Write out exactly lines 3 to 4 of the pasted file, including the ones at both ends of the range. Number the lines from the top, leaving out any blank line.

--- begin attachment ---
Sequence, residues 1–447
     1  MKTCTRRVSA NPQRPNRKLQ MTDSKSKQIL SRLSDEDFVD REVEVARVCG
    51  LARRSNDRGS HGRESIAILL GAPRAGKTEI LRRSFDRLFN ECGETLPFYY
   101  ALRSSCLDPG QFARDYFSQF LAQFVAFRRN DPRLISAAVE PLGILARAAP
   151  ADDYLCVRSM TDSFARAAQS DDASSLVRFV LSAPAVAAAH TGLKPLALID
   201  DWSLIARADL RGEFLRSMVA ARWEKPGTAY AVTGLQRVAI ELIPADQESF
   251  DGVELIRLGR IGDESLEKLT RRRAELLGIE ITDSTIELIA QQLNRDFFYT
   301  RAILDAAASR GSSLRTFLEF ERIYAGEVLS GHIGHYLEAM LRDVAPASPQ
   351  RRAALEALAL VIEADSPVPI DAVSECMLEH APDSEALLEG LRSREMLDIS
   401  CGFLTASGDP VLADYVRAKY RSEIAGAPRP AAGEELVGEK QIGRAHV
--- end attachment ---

    51  LARRSNDRGS HGRESIAILL GAPRAGKTEI LRRSFDRLFN ECGETLPFYY
   101  ALRSSCLDPG QFARDYFSQF LAQFVAFRRN DPRLISAAVE PLGILARAAP